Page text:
The cute but mostly forgettable plot is (as is fairly standard for any Rockette production) mainly an excuse for the Rockettes to dance around iconic NYC landmarks, including Central Park, Times Square, the Statue of Liberty (an enormous animatronic puppet voiced by Whoopi Goldberg, who also voices God), a Fashion Week catwalk, the top of the Empire State Building, the New York Public Library (complete with animatronic lion statues hilariously voiced by Tina Fey and Amy Poheler) and the homes of several New York sports teams. 




These multiple scenes also allow for a parade of flashy costumes, from very traditional glittery leotards to matching yellow rainboots and slickers to ballgowns to various sports uniforms to LED-lighted tux jackets, most of them clearly designed to show off the dancers' famous legs (prompting Benanti to hilariously ask at one point, “Don't you people ever wear PANTS?”).






In addition to the “name” stars and the Rockettes themselves, the high-tech stagecraft was practically its own character in the show. Each audience member is given a pair of 3D glasses and an LED wristband upon entering the theater. A brief but effective 3D segment near the beginning of the show draws the audience in, and the LEDs pull them in even further as they light up in coordination with the Rockettes’ costumes, reminiscent of a rock concert or a Superbowl game, as everyone raises their wrists and cranes around at the effect.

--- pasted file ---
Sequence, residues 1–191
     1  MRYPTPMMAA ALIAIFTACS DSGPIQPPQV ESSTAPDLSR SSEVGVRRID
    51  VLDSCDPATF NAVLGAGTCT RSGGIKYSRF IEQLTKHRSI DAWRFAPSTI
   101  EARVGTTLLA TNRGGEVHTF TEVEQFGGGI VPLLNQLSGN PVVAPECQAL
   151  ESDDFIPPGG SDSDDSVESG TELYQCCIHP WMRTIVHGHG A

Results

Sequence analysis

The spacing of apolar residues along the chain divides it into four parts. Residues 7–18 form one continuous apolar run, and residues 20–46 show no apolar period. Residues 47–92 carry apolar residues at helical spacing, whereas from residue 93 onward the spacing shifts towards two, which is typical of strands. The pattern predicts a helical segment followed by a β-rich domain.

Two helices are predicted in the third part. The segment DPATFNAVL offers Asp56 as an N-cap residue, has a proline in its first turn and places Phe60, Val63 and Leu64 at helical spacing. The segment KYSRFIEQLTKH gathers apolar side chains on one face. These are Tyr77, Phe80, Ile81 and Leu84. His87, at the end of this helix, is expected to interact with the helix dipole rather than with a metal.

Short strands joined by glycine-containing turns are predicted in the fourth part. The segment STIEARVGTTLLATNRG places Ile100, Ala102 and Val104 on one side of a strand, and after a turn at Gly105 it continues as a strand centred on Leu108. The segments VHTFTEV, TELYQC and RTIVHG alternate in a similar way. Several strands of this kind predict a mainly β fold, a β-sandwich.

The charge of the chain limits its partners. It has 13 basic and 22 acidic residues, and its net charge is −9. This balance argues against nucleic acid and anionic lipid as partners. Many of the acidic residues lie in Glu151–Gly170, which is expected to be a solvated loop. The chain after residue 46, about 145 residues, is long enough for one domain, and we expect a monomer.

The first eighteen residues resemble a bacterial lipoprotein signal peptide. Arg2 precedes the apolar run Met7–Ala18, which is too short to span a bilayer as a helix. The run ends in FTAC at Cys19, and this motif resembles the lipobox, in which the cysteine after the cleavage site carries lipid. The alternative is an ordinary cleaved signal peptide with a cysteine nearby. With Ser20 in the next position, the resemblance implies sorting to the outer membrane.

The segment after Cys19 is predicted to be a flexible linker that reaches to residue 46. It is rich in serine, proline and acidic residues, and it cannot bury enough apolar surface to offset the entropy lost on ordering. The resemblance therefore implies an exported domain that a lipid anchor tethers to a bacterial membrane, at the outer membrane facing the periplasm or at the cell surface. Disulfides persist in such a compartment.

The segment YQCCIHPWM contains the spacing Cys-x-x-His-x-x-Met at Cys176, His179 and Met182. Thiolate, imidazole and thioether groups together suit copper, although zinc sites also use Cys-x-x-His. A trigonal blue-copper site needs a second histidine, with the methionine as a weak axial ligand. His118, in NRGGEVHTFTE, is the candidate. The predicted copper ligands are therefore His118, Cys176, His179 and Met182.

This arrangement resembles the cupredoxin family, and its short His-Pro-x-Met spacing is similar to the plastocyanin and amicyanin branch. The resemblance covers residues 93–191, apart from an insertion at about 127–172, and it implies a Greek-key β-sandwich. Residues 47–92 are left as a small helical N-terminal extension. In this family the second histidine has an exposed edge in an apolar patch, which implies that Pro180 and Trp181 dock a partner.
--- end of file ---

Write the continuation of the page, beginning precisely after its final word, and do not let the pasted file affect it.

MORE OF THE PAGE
Other flashy tech effects include a large kite flying over the audience, jumbotron-like projections from onstage Steadicams (some actually working in real time, others faking pre-recorded video), and a huge upstage video wall projecting detailed sets that are seamlessly incorporated into the physical sets.

But much like my comments in On the Town (see my review here), it was often the minor characters and small details that brought the show together. The character of Bernie, played by Broadway vet Lenny Wolpe; dancer Jared Grimes as Benanti’s fast-talking, fast-dancing assistant; Bernie’s cute but not-too-precocious grandchildren; featured vocalist LaVon Fisher-Wilson; the multiple animatronic characters (Alice in Wonderland, as well as the previously-mentioned Statue of Liberty and NYPL lions); a magical costume change when Benanti’s red tailored dress transforms instantly into a floaty ballgown; a pair of aerialists descending from the rafters; and a recurring bit with a group of crossing dogs that grows in number from 1 to 9 over the course of the show all add lovely moments of charm and humor to the production.

There may not be a huge amount of substance to this show, but the flash, the sweetness, and the genuine love of the city of New York all come together to make a winning combination that could very aptly have kept the production’s original name of Heart and Lights – but which just as aptly deserves the current moniker of Spectacular!